Defining Scope 1, 2 and 3 Emissions

Two people in hard hats and reflective vests are talking outside, near industrial equipment, under a caption "Defining scope 1 2 3 emissions."

As environmental challenges increase, it has become crucial for individuals, businesses and governments alike to take responsibility for their carbon emissions. To tackle this issue effectively, emission measurements have been categorized into three distinct scopes: scope 1, scope 2 and scope 3.

Understanding how greenhouse gasses are emitted into the atmosphere is important to helping us find adequate solutions to reduce our carbon footprint. In this article, you’ll learn what each of these scopes is, what they encompass and why accurate measurement of them is essential for a sustainable future.

What are Greenhouse Gas Emissions?

Greenhouse gas (GHG) emissions are the gasses emitted to the atmosphere that intensify the greenhouse effect that warms the planet. Although the greenhouse effect is a natural process, human activities, such as the burning of fossil fuels, deforestation and industrial processes, have significantly increased the concentration of GHGs in the atmosphere, leading to accelerated global warming.

The World Resources Institute (WRI) and the World Business Council for Sustainable Development (WBCSD) worked together to develop a protocol called the GHG Protocol to establish standardized frameworks for measuring and managing greenhouse gas emissions. It addresses the measurement and reporting of seven greenhouse gasses that are included in the Kyoto Protocol:

  • Carbon dioxide (CO2)
  • Methane (CH4)
  • Nitrous oxide (N2O)
  • Hydrofluorocarbons (HFCs)
  • Perfluorocarbons (PCFs)
  • Sulfur hexafluoride (SF6)
  • Nitrogen trifluoride (NF3)
What is the Difference Between Scope 1, 2 and 3 Emissions?
Scope 1 Emissions

Scope 1 are direct emissions from sources that are owned or controlled by an organization. Examples of scope 1 emissions include:

  1. On-Site Power Generation: Power generation systems, such as diesel generators, emit carbon dioxide (CO2) and other pollutants directly into the atmosphere.
  2. Heating and Cooling: Fossil fuel combustion for heating and cooling purposes, such as through natural gas boilers or chillers, lead to direct emissions of CO2.
  3. Chemical Refrigerants: Fugitive emissions from the release of refrigerants used in cooling systems, such as hydrochlorofluorocarbons (HCFCs) or hydrofluorocarbons (HFCs).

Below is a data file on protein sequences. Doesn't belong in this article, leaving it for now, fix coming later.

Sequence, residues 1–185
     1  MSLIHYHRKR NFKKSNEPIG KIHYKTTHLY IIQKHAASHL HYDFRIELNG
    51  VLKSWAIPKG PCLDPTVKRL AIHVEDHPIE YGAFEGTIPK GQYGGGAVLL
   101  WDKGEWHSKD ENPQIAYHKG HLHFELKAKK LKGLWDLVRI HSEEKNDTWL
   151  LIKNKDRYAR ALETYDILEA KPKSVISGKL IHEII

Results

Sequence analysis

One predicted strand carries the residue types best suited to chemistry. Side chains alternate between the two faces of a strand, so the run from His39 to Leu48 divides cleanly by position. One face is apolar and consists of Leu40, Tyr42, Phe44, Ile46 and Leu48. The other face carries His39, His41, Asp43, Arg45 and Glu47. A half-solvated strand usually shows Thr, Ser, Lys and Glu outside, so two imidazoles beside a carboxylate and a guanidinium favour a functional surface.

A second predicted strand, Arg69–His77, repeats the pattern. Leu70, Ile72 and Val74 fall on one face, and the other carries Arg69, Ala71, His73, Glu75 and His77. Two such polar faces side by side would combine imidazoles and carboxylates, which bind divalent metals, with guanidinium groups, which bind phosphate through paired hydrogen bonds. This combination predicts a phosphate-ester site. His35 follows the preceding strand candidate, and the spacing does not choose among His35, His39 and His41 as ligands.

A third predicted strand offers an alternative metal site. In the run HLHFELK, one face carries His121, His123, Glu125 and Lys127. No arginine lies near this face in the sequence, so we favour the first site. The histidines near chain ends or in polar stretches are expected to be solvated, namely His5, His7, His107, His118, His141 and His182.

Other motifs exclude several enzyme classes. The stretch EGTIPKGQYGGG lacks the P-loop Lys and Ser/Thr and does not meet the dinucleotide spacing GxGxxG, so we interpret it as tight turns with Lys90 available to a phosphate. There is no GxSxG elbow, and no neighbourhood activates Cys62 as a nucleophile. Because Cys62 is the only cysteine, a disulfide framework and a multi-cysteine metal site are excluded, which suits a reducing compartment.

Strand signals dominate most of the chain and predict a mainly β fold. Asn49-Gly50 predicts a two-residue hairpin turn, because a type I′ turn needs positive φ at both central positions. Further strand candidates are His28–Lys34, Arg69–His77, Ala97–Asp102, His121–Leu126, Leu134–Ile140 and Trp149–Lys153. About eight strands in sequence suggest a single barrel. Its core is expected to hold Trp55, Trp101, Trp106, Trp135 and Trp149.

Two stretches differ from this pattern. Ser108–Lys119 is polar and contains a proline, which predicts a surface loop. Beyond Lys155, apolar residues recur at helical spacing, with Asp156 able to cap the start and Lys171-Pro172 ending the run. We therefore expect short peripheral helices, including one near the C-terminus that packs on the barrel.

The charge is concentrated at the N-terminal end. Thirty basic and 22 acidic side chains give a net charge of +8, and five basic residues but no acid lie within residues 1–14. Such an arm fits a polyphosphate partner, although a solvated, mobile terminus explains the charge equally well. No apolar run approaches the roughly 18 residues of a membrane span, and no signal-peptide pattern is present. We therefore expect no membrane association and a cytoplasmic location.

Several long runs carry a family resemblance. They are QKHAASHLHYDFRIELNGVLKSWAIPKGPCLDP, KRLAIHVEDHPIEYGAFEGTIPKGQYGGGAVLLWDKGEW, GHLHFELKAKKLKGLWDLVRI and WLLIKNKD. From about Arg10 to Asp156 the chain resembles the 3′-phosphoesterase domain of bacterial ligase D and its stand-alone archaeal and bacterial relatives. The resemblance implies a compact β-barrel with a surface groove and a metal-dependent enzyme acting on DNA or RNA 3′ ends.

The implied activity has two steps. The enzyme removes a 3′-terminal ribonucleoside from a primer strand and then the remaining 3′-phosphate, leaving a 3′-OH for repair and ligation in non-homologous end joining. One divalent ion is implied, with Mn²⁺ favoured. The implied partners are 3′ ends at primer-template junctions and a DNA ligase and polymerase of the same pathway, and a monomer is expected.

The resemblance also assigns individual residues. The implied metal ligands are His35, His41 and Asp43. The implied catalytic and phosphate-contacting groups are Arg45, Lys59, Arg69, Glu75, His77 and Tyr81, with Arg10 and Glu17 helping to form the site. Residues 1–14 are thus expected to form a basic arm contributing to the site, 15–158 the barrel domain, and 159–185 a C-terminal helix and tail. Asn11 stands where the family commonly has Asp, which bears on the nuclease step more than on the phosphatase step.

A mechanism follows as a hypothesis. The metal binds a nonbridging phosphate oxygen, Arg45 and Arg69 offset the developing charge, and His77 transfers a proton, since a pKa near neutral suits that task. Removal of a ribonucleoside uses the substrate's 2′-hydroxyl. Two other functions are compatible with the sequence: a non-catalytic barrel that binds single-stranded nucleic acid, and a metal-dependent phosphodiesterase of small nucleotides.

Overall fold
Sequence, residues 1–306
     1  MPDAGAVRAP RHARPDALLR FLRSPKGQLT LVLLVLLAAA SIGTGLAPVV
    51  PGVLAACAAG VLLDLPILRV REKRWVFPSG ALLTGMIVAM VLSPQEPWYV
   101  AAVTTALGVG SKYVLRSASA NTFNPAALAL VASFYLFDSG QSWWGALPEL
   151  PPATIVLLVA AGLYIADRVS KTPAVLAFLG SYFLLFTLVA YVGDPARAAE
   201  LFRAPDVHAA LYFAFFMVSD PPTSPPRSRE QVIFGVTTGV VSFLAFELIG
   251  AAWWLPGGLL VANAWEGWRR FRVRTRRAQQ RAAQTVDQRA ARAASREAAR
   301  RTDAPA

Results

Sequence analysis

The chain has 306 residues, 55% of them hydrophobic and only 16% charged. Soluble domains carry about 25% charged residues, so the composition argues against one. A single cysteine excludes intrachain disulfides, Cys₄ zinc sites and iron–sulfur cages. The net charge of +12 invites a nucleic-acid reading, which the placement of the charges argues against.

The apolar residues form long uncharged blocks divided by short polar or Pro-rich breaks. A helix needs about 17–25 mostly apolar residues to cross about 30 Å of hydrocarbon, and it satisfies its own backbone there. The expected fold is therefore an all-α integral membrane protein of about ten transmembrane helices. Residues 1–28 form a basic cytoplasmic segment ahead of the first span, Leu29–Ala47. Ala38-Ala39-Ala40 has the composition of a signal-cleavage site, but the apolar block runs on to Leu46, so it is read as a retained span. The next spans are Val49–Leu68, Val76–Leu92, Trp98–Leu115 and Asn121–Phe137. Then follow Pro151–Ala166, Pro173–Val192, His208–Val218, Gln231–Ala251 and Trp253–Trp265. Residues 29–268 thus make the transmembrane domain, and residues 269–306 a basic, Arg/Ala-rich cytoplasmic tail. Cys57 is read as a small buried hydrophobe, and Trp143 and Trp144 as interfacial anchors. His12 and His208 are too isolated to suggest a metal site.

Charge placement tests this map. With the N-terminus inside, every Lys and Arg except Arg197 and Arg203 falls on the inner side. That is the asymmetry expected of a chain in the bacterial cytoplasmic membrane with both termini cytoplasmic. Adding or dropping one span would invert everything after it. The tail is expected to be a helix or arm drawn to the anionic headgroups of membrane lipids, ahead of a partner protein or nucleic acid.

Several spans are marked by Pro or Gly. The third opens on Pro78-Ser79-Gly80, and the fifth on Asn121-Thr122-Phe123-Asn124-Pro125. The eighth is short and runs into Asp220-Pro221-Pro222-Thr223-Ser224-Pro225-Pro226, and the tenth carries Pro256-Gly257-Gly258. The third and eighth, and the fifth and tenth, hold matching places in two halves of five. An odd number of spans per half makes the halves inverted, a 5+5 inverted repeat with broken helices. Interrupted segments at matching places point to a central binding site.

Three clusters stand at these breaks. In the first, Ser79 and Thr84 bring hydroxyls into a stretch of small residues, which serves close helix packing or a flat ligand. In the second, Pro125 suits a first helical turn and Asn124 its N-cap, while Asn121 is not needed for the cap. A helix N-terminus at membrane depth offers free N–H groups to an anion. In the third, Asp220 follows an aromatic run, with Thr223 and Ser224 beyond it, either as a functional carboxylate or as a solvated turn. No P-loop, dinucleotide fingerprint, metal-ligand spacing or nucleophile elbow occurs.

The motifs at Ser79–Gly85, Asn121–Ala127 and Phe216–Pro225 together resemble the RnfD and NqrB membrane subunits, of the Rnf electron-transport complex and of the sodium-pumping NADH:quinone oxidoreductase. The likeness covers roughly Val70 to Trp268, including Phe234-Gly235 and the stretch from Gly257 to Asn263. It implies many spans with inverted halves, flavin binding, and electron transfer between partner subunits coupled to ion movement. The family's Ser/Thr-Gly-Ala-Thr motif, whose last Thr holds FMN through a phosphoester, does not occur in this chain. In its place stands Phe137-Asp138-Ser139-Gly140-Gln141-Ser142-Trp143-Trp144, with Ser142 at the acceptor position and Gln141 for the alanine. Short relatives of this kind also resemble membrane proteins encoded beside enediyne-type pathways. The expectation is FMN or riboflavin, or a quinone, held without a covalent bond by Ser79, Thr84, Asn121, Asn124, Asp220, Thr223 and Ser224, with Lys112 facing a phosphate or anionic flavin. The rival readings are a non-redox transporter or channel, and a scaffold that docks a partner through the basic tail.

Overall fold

Scope 2 Emissions

Scope 2 emissions refer to indirect emissions associated with the generation of purchased electricity, heating, and cooling. These emissions are not directly controlled by the organization but result from the consumption of energy purchased from external sources, such as utilities or suppliers. Common sources of scope 2 emissions include:

  1. Grid Electricity: The emissions associated with electricity generation. The magnitude of these emissions depends on the energy mix of the local grid, which can include fossil fuels (coal, natural gas), nuclear, renewables (solar, wind, hydro) and other sources.
  2. Power Purchase Agreements (PPAs): The agreements to purchase electricity directly from renewable energy sources, such as wind farms or solar installations generate lower emissions, and can result in lower scope 2 emissions compared to the grid.
  3. District Heating and Cooling: Using district heating or cooling systems that rely on energy generated by another entity.
Scope 3 Emissions

Scope 3 emissions represent the broadest and most challenging category to measure and manage. These emissions are indirect and result from activities both up and downstream of the organization, including suppliers, customers, and end-users. Scope 3 emissions often account for the largest portion of an organization’s carbon footprint and may include:

  1. Supply Chain Emissions: Emissions from the production and provision of equipment, materials, and services, such as servers, networking equipment, and construction materials.
  2. Waste Management: Emissions generated from waste disposal and treatment processes, such as landfill gas emissions.